When coronapanic hit and various public health prophets went on television calling themselves “scientists,” friends who are medical school professors said that, when the predictions of these physicians and public health bureaucrats inevitably failed the public’s confidence in medicine would be reduced. They cringed every time Anthony Fauci was in the spotlight, for example.
I wonder if the same thing could be happening with the shots that are currently marketed as “vaccines”. People who’ve had 3 or 4 shots are regularly getting sick with COVID-19. Some are being hospitalized and, in the long run, nearly all of the COVID-19 deaths will be among this heavily-jabbed population. By contrast, the childhood vaccines that we desperately want people to apply to their kids, e.g., the measles vaccine, actually stop humans from getting sick with measles.
Now that we know that COVID-19 vaccines don’t work like “regular vaccines” is it time to rename them so that their ineffectiveness doesn’t tarnish the reputation of the “real vaccines”?
Ignoring any serious harm that the COVID-19 vaccines might cause, the closest analogy that I can think of to the situation is what we call “the flu shot”. Americans don’t usually say “I am vaccinated against influenza.” We say “I had all of my childhood vaccinations and this year I got a flu shot.” The flu shot is put in a “can’t hurt; might help” category. When a person who had the flu shot gets the flu anyway, that doesn’t result in him/her/zir/them or his/her/zir/their social network to lose confidence in “vaccine vaccines.”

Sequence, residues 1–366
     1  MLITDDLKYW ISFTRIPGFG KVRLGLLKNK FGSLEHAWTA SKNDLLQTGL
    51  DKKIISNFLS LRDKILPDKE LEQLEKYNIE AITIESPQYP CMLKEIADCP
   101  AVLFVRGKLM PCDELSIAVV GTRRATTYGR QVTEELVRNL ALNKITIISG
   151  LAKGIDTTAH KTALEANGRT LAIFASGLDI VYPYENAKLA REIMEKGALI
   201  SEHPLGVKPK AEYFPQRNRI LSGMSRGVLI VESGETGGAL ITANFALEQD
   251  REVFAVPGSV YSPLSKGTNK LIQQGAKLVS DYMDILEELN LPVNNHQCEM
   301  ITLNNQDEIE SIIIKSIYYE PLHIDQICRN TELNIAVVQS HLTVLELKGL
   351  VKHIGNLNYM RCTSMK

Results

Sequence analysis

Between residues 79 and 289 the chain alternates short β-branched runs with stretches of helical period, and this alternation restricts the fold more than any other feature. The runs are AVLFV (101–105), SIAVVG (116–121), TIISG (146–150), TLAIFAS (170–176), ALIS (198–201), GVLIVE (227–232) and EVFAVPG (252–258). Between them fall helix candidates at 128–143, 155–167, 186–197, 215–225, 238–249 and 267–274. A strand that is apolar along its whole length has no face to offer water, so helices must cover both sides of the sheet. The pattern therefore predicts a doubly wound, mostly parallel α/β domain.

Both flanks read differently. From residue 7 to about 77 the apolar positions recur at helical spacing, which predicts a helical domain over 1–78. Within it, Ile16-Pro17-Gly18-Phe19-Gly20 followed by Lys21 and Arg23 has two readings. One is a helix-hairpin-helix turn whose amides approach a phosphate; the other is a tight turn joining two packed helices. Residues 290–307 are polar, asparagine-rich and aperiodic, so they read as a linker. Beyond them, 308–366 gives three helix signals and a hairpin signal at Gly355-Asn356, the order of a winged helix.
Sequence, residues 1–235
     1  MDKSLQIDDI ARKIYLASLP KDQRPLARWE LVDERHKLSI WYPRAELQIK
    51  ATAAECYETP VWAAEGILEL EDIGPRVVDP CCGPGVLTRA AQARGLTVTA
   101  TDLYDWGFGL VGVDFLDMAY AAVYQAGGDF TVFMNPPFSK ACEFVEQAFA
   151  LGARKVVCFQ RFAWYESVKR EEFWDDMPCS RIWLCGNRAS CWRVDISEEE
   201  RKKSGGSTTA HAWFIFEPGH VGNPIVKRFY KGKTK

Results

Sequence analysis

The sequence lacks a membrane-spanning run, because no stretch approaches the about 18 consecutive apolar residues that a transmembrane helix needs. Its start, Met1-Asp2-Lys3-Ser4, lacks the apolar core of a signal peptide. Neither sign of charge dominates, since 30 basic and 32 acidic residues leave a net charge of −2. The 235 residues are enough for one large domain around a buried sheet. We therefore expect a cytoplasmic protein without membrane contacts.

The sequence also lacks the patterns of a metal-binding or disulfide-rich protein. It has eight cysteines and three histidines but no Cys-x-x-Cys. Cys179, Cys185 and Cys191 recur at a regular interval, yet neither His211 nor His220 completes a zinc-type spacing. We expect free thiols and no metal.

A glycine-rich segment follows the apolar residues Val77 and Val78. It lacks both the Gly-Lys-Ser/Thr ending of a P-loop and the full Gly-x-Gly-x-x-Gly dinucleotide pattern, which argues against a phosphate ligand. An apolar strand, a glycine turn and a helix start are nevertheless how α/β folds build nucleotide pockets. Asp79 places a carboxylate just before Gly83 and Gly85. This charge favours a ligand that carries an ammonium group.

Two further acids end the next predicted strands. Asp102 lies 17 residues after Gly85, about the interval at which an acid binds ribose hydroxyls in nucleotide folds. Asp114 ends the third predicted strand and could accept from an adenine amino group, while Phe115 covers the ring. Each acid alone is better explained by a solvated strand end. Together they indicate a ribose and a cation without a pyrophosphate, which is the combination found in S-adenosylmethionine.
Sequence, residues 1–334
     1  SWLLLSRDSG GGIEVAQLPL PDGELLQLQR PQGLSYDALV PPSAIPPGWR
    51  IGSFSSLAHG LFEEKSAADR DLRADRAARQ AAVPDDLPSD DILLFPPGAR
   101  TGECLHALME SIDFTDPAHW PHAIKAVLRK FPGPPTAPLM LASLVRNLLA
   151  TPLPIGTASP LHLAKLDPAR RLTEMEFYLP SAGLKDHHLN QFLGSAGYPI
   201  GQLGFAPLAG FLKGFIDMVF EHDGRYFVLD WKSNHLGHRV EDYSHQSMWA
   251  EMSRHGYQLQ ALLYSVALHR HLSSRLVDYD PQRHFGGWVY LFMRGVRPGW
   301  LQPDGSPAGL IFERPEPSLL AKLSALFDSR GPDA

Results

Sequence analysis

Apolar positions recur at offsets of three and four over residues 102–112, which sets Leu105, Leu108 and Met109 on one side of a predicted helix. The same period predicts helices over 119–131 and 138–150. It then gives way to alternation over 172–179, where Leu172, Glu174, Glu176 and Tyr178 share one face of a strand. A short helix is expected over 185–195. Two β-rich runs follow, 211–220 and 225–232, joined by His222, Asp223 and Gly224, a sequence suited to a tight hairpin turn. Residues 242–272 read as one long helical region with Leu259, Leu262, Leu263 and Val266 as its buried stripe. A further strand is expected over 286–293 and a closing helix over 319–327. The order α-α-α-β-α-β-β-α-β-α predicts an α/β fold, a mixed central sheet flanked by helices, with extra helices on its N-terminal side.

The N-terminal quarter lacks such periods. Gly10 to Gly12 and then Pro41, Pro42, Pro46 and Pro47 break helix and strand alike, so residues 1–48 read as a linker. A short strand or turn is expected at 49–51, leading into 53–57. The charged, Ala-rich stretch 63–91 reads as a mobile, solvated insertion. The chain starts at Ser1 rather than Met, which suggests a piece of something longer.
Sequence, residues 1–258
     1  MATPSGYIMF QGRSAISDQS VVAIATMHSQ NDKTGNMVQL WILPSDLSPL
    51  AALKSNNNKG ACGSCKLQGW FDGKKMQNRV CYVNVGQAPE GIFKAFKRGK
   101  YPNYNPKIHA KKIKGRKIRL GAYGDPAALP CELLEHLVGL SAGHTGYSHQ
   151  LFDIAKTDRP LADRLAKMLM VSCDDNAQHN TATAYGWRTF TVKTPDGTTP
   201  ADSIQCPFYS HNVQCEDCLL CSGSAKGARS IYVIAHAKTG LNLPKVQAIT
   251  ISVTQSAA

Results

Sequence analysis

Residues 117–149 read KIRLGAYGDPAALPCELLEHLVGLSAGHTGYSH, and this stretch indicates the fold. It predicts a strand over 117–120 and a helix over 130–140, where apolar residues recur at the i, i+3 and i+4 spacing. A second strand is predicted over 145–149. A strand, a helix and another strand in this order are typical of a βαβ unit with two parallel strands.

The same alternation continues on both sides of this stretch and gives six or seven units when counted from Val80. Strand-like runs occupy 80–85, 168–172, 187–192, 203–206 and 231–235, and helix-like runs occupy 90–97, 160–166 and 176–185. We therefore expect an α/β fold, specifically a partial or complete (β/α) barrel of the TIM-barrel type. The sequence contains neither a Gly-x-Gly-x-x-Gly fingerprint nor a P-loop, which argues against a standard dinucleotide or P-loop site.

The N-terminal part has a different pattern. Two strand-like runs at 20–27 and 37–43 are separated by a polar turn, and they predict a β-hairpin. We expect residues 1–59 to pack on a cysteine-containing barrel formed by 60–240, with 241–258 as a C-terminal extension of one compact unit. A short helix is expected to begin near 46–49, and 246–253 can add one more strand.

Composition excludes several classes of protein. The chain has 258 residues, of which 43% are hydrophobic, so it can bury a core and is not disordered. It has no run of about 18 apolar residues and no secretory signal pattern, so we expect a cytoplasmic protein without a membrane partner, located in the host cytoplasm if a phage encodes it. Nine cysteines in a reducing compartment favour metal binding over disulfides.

Readers: What do you think of the idea? Half of the hardest core Mask and Vaccine Karens whom I know seem to have gotten COVID-19 within the past few months. Wouldn’t the overall image of vaccines be improved if we said “They had a COVID-19 shot, which was good prep for their COVID-19 infection” rather than “They were vaccinated against COVID-19 three times and then got COVID-19 anyway”?